For M&E organizations, file size limits are a deal breaker
When it comes to file sharing, tools like Dropbox, Box or Google Drive are consumer favorites. Cloud collaboration and file sharing solutions have been essential for everyone from college students to large enterprises, and such platforms’ ease of use make for a simple and smooth user experience. For many industries, these tools work well for sharing and accessing content in the cloud.
But EFSS (Enterprise File Sync and Share) systems like Dropbox for Business and Box just don’t work for large media files.
Make no mistake, we love Dropbox for many business use cases, but we’ve long seen the challenges when these tools are attempted to use for large media files — most clearly, file size limits.
Depending on the plan a company decides to invest in, users will find that these platforms put caps on how much content they can move on a given day. For basic accounts (or when using the Dropbox site) uploads are capped at 20 GB daily. For business accounts that number goes up to 200 GB.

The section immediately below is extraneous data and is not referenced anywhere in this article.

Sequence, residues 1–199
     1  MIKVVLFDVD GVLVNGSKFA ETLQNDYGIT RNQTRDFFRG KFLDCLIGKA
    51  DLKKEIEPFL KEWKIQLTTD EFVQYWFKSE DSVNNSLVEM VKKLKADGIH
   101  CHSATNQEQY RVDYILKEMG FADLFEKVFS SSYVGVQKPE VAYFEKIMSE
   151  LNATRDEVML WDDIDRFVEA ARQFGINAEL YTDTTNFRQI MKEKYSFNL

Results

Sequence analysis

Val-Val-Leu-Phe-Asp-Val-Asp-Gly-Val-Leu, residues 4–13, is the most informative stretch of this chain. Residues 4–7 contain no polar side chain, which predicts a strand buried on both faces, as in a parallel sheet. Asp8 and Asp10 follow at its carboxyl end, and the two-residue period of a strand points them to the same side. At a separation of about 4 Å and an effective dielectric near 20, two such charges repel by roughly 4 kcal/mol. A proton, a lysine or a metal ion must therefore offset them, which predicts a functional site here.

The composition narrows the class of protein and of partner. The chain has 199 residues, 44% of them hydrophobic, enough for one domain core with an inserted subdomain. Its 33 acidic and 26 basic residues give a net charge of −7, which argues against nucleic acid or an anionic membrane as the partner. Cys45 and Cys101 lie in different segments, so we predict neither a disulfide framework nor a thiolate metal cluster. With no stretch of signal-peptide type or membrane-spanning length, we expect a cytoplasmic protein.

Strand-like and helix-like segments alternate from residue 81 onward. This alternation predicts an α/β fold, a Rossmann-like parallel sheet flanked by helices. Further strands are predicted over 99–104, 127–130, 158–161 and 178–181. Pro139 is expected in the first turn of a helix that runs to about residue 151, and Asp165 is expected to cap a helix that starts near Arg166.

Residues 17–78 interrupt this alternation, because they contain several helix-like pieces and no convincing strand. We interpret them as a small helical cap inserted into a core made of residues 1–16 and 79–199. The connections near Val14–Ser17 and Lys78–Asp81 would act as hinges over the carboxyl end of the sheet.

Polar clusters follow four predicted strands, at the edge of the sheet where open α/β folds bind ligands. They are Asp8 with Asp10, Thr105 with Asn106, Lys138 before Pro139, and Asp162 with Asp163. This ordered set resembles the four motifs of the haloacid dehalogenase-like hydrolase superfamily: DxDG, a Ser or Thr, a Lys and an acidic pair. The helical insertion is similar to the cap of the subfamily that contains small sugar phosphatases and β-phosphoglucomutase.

Now these limits might not sound all that limiting, and for many enterprises and individuals they aren’t. But the amount of content and the individual file sizes that M&E organizations regularly trade in dwarf those from most other industries. The 4K video files that film studios and television broadcasters rely on alone put these limits to the test, and—here’s the thing—those file sizes are only going to grow.
It’s essential for you to understand the importance of using the right tool for the right scenario, rather than trying in vain to fill a round hole with a square peg. Standard online file sharing tools simply won’t do for many use cases in the media industry, and file size isn’t the only problem. Check out our eGuide to explore all seven of the major pitfalls of using online file sharing as a media enterprise.
Your media assets are your lifeblood. You deserve a solution that understands that.